Piedmont politics: Where to?

by Brian Clarey

On the morning after Election Day, Minister Willie Muhammad of the Nation of Islam was showing off the front page of The Final Call newspaper, whose lead story asked, “Black voters to the rescue, again?” In Guilford County, the answer is decisively yes if the survival of Democratic candidates was your objective. Two years of organizing by tea party groups, a hard-working and talented slate of Republican candidates and a concerted voter education campaign by Conservatives for Guilford County coalesced to present a stiff challenge to a number of lawmakers in Democratic safe seats.

The closest fight turned out to be NC House District 59, where veteran Democratic lawmaker Maggie Jeffus prevailed over Republican challenger Theresa Yon by a 5-percent margin.

Joan Bass, Jeffus’ campaign manager, acknowledged after the election that the campaign had focused get-out-the-vote efforts in Democratic-leaning precincts with large concentrations of African- American voters to cobble together the votes to withstand the expected Republican wave. A storyline about Yvonne Johnson’s upset loss in last year’s Greensboro mayoral race also effectively mobilized black voters. Johnson, who is the city’s first and only black mayor, recorded a robo-call urging Democrats to get to the polls to keep “extremists” from getting elected, the Beloved Community Center distributed fliers noting that Johnson lost her race by about 800 votes because of apathy among her supporters and Jesse Jackson chastised NC A&T University for “losing the mayor” during his visit for the opening of the International Civil Rights Center and Museum in February.

Jason Coley, who served as field coordinator for the Guilford County Democratic Party, said he thinks the results of this year’s election demonstrate a ripple effect from 2009, when the nonpartisan Greensboro City Council was taken over by a Republican and conservative majority despite the fact that the city’s electorate leans Democratic.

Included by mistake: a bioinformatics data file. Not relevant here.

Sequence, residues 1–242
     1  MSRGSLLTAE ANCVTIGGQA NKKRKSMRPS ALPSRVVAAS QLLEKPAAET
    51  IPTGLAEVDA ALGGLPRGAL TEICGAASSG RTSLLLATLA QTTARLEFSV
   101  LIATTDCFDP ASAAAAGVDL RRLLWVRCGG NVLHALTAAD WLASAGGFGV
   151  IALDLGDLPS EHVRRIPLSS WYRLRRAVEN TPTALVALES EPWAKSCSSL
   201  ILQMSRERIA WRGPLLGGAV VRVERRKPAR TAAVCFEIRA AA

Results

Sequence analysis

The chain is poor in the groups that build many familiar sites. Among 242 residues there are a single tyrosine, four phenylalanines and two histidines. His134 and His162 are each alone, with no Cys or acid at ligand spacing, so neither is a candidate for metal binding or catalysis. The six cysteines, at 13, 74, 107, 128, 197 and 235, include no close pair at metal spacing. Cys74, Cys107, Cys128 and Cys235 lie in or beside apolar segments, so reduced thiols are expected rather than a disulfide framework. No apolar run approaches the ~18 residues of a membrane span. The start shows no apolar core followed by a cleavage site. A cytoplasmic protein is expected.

“I think Greensboro base and swing precincts had their taste of what it was like to lose to a GOP tidal wave, and then wind up with a conservative city council,” Coley said. “2009 put our residents on warning on what could happen… so the Guilford County Democratic base and lean Democratic precincts came to the polls.”

And while Republicans picked up not a single state legislative seat in Guilford or Forsyth county this year, the political environment is radically different with the Republicans taking a majority of the seats in both chambers of the General Assembly for the first time since 1898. For Democratic survivors, that means a couple things. Reps. Alma Adams and Maggie Jeffus and Sen. Linda Garrou lose their senior budget-writing positions on their respective chambers’ appropriations committees. And as a lawmaker who is often at odds with her own party’s leadership, progressive Pricey Harrison will find herself even further in the wilderness.

The Republicans also control redistricting next year, and win the dubious prize of getting to figure out how the state cuts its way out of a budget shortfall estimated to be at least $3.2 billion. It’s looking like a wild ride.

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